Tyrrells Chips - a triumph for independent producers
Last updated 2/15/2008 12:20:36 AM
Back in 1992, William Chase's dreams of the rural life in Herefordshire seemed to be in tatters, when he was forced to declare Tyrrells Court Farm bankrupt. By 2005, he had turned the farm around, turning over more than £1 million from the sale of his Tyrrells Potato Chips.
There was a lot at stake. Tyrrells Court Farm had been in the family for many years. William had bought the farm from his father with a hefty bank loan in the 80s, but found himself heavily in debt when potato prices were squeezed by large supermarket chains.
"Tesco finished us as a potato farmer, so we got into the specialty crisp trade," says William. Not surprisingly William chose to supply only independent retailers with his new product. Inspiration came from independent chip makers in the Amish community of Pennsylvania, as well as the familiar Kettle Chips. Tyrrells does not shy away from experimenting with flavours. Asparagus with Black Pepper, Duck with Orange and Ginger, and for Valentine's Day, Strawberry, Sweet Chilli and White Wine, for which 10% of the sales generated will be donated to Breast Cancer Haven.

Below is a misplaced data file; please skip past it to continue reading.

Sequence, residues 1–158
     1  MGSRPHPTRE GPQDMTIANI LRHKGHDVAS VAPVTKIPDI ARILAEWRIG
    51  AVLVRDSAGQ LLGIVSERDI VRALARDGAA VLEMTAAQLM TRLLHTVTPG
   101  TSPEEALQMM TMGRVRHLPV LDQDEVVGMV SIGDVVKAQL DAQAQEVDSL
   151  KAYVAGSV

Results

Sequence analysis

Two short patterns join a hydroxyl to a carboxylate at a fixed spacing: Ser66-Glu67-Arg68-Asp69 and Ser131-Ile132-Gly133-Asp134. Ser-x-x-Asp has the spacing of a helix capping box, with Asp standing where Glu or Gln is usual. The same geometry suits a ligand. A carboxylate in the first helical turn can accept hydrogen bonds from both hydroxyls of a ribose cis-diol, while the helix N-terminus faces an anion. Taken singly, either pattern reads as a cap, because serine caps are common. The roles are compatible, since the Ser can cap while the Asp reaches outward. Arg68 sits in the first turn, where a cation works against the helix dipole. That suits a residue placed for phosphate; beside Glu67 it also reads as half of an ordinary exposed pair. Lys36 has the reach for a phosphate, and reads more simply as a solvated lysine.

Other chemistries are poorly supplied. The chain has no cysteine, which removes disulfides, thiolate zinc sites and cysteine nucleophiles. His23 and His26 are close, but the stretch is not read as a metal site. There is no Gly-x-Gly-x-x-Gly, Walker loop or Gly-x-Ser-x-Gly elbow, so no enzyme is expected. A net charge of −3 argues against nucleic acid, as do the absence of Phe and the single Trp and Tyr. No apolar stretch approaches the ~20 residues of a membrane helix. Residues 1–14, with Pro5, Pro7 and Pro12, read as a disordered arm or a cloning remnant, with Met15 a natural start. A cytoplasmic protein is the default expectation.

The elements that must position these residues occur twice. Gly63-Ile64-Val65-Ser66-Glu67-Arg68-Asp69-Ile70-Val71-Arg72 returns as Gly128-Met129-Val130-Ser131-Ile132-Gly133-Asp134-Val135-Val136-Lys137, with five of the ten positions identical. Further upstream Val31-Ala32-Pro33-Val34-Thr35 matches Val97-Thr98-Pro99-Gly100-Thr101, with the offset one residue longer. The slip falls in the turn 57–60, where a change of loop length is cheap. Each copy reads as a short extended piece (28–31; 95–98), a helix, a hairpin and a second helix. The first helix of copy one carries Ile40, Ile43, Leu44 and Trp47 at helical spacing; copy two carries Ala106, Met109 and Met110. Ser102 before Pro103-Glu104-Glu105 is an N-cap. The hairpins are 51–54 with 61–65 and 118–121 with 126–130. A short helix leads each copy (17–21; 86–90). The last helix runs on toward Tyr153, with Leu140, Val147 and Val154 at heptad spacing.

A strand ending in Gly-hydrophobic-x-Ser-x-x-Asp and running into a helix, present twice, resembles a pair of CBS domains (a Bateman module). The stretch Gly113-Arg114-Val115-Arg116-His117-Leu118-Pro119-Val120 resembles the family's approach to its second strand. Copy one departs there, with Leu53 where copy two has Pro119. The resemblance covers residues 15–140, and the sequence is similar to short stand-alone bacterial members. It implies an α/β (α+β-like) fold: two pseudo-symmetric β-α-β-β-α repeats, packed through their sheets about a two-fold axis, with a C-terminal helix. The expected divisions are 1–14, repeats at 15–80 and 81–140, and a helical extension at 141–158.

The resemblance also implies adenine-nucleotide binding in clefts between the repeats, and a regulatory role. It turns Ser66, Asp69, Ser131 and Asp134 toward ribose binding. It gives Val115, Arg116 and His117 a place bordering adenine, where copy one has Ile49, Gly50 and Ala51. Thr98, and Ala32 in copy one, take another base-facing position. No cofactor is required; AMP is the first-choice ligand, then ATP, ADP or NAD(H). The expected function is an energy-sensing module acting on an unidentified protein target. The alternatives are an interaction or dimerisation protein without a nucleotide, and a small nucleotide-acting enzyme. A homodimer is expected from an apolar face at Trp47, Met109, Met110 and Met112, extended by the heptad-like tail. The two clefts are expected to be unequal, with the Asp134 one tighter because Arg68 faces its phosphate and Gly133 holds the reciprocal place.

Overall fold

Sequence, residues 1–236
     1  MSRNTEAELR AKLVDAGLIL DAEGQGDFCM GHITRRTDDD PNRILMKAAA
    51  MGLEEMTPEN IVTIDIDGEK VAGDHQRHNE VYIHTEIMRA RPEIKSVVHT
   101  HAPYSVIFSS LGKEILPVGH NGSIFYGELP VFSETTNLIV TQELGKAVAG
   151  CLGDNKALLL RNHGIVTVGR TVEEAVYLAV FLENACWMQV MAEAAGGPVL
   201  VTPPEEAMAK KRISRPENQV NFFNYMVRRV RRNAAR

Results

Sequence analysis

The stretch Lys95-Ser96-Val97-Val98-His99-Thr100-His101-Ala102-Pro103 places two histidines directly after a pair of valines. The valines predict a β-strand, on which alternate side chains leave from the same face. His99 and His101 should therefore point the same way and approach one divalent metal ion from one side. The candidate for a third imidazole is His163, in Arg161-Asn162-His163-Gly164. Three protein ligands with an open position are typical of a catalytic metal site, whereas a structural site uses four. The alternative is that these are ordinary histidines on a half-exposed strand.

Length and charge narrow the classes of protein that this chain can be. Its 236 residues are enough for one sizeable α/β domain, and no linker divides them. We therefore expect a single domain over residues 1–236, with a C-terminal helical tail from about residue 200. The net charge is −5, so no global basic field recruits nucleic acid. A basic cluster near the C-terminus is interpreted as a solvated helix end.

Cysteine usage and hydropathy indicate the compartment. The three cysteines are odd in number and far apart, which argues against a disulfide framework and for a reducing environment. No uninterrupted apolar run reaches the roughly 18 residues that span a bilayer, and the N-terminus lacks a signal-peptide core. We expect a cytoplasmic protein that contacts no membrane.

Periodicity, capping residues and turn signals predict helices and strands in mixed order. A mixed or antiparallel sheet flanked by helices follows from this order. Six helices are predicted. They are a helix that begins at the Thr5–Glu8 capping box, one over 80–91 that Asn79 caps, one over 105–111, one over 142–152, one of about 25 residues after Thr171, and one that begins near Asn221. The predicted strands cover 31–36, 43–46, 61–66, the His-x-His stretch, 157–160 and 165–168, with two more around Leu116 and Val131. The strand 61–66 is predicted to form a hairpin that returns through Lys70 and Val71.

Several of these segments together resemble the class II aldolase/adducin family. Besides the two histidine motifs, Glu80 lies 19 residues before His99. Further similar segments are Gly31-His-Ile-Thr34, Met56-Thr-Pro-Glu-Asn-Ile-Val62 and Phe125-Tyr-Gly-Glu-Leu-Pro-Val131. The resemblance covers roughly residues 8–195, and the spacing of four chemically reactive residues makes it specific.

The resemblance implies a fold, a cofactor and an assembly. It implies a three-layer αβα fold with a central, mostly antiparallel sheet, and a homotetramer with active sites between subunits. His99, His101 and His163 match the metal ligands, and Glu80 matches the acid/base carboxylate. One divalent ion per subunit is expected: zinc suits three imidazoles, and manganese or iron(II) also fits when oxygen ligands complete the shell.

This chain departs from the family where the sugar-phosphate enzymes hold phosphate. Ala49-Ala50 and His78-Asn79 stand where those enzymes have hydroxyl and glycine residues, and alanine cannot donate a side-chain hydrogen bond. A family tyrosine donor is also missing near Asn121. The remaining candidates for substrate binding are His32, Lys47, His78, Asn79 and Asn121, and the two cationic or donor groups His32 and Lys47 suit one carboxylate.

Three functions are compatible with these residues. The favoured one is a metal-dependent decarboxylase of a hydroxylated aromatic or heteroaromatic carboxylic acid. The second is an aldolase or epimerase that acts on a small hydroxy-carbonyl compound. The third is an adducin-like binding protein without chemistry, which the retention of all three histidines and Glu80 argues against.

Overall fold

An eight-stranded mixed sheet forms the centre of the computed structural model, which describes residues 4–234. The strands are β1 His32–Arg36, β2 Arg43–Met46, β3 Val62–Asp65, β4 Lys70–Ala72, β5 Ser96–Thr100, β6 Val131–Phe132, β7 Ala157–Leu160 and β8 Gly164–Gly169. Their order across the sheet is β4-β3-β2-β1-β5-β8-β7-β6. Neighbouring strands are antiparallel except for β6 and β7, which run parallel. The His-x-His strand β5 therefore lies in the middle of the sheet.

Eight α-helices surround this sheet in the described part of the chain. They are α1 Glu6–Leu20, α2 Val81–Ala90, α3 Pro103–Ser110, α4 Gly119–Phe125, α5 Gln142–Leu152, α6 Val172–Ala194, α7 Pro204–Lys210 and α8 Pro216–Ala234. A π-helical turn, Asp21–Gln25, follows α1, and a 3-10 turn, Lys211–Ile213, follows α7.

When Tesco sourced the chips from a wholesaler and started stocking the brand on its shelves, Tyrrells politely requested that they be withdrawn. William said he was prepared to deal with Waitrose, the major supermarket chain operated by the John Lewis Partnership, because of its fair dealings with local producers.
Tyrrells is also producing an organic vodka using the potatoes that are too small to be made into chips. William Chase is hoping for another win for independent retailers and producers.